… the spring weather, the spring which an American poet, a fine one, a woman and so she knows, called girls’ weather and boys’ luck.—William Faulkner, The Town, chap. 20
Not too hard to track this one down, as it’s been decoded by other writers. It’s from Ryder (1928), by Djuna Barnes, from the “Rape and Repining!” chapter:
It is Spring again, O Little One, the Waters melt, and the Earth divides, and the Leaves put forth, and the Heart sings dilly, dilly, dilly! It is Girls’ Weather, and Boys’ Luck!
Oh, dear Fox, yes: Stop Saying ‘I Feel Like.’
This is what is most disturbing about “I feel like”: The phrase cripples our range of expression and flattens the complex role that emotions do play in our reasoning. It turns emotion into a cudgel that smashes the distinction—and even in our relativistic age, there remains a distinction—between evidence out in the world and internal sentiments known only to each of us.
Oh, dear. How did this escape my notice? For many speakers, a button-down shirt now does not refer specifically to a shirt with a buttons securing the collar, but rather to any shirt with buttons down the placket.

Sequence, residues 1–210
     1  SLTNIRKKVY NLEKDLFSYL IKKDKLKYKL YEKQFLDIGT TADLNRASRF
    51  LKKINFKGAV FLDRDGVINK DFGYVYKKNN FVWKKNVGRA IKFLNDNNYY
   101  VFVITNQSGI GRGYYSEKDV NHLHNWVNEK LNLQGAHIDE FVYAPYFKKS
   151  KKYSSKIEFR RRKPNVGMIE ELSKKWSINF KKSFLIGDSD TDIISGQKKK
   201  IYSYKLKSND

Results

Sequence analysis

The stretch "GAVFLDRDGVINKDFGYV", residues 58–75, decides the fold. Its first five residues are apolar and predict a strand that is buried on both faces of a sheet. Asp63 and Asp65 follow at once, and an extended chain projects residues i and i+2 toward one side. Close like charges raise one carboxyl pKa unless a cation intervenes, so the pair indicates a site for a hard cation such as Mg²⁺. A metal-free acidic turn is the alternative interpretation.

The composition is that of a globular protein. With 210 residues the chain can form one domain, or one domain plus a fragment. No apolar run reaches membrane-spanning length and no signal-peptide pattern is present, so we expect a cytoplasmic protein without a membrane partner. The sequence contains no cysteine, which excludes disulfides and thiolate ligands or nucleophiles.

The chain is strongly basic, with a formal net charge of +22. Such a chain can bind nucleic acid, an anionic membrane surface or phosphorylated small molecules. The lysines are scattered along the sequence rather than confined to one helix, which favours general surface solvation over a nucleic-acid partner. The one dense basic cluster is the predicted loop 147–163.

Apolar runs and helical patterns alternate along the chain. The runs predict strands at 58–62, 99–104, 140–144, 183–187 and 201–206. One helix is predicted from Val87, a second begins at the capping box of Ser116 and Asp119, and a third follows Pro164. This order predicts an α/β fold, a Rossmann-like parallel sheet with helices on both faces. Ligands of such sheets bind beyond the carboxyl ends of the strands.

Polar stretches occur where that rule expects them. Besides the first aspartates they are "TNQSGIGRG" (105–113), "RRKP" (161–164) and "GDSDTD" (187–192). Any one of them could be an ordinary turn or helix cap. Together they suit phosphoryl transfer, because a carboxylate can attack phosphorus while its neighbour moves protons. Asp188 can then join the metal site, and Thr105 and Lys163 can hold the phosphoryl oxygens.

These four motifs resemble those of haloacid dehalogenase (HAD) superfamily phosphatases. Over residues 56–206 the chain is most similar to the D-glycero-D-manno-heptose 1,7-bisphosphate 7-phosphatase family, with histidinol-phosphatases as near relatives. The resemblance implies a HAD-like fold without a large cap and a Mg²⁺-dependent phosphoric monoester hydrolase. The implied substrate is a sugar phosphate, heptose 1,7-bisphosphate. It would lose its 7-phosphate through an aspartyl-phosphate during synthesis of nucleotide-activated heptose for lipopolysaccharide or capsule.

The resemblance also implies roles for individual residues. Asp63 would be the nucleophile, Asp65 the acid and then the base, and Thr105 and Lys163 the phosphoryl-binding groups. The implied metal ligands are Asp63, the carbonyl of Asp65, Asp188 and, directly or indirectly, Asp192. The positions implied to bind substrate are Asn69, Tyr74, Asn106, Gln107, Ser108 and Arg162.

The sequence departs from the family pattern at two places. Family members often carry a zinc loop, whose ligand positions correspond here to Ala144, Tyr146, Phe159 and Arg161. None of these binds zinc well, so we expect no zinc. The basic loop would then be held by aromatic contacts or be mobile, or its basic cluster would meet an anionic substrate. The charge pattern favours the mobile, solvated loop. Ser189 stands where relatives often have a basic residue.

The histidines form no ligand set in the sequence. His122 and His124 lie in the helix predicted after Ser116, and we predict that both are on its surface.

David Crystal and Ben Crystal talk to Michael Rosen and Laura Wright of BBC Four’s Word of Mouth about Shakespearean Original Pronunciation (OP), with generous audio demonstrations. David Crystal has a reference book, to be released this summer, The Oxford Dictionary of Original Shakespearean Pronunciation.
Craig Havighurst has proposed a new umbrella term for that thing that most people call classical music, that my friends in college (particularly in the School of Music) encouraged me to call art music or serious music, and that I have also heard described as Western concert hall music. Havighust likes the term composed music, and he makes some good points.